While investor sentiment towards China has been impacted by geopolitical risk, economic and trade tensions as well as concerns about the country’s internal governance and economic health, from the perspective of the team at Walter Scott, the country remains a source of potentially vast long-term investment potential.
Over the past few decades, a steadily rising middle class has fueled international investment from a range of western companies, including health care providers and luxury goods and sportswear brands. Revenue in the Chinese luxury goods market alone amounted to US$48.91bn as of the end of June this year, with the market expected to grow annually by 5.22% in compound annual growth terms from 2022- 20271. Walter Scott investment manager Lindsay Scott sees huge growth potential in the market but adds an important caveat in that pursuit of that growth is not straightforward. In her view and that of the Walter Scott team not every entrant has adopted the right initial approach to what can be a complex and challenging marketplace.
“China represents an enormous opportunity in what constitutes a market of almost 1.5bn people. That figure represents about 18% of the global population and the market also boasts some really good, strong demographic trends. Despite some concerns around the robustness of conspicuous consumption – where some consumers purchase goods or services with the specific intent of displaying their wealth - what seemed to be a slight dip in sales growth last year now appears to have corrected itself,” she says.
Commenting on the potential difficulties some companies can face when doing business in China, she adds: “For all its potential, China can be quite a challenging market. While it is clear Chinese consumers want much the same products as high-end consumers in the west, over the years we have definitely seen examples of companies - including some of the world’s biggest sportwear brands - struggle to get it right in terms of doing business on the ground in China.
“Other companies have perhaps been too conservative in developing their Ecommerce offerings, which are increasingly important in the market, particularly some of the high-end luxury goods companies. Some have also found building the right retail footprint in the so-called Tier 1, 2 and 3 Chinese cities2 and in shopping malls across the country quite challenging. Just getting that balance right can be difficult.”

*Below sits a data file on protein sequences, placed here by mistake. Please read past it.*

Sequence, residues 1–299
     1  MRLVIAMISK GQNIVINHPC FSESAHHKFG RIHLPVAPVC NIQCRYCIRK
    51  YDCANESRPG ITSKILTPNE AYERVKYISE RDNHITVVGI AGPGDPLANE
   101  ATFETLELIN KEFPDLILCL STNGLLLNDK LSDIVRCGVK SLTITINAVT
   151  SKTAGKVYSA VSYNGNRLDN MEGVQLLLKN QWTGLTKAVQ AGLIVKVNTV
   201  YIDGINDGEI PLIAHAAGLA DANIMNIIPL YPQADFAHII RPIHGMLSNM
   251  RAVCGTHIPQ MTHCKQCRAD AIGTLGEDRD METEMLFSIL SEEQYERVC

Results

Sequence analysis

Growing affluence and the rise of a new middle class are also having deeper and potentially darker impacts on Chinese consumers. One example is the rise in in Chinese diabetes rates that has accompanied shifting lifestyles - particularly among wealthier sections of the Chinese population.
As Walter Scott investment manager Ashley-Jane Kyle observes: “Rising wealth is having some profound impacts on China which present both threats and opportunities, particularly in the health care sector.” “China now accounts for about a quarter of the global diabetes population. But it is a really underdiagnosed market so the opportunities to improve people’s health and address health care problems like this are becoming increasingly clear,” she adds.
While China, like many other leading economies, faces the challenge of a rapidly ageing population, a new generation of its young people have significant economic power and could provide a major fillip for consumer markets. Young people of this demographic, born after 1990 and dubbed ‘Young China’ by US writer and consultant Zak Dychtwald3 are highly technology savvy and will require a dedicated tech friendly approach from consumer companies and marketers, adds Kyle.
“The next generation of young Chinese is really important for many companies pursuing growth in this market. But they are also a really hard generation to serve. They have had so much access to information that previous generations simply didn’t have.
“One of the biggest differences you see with this generation is the rapid pace of accepting all things digital – digital products, digital services and we have not seen that in any other countries or with any other generations either. This means that for consumer facing businesses it is really important to think about that in terms of how companies engage with those consumers and that next generation,” she concludes.
1 Statista. Luxury goods China. As of end June 2022.
2 A classification of cities with “1” being the highest, most developed and “4” the lowest, according factors such as GDP, income, and population.
3 Dychtwald is also the founding CEO of Young China Global Group – a think tank and consultancy designed to create understanding about Eastern and Western millennials
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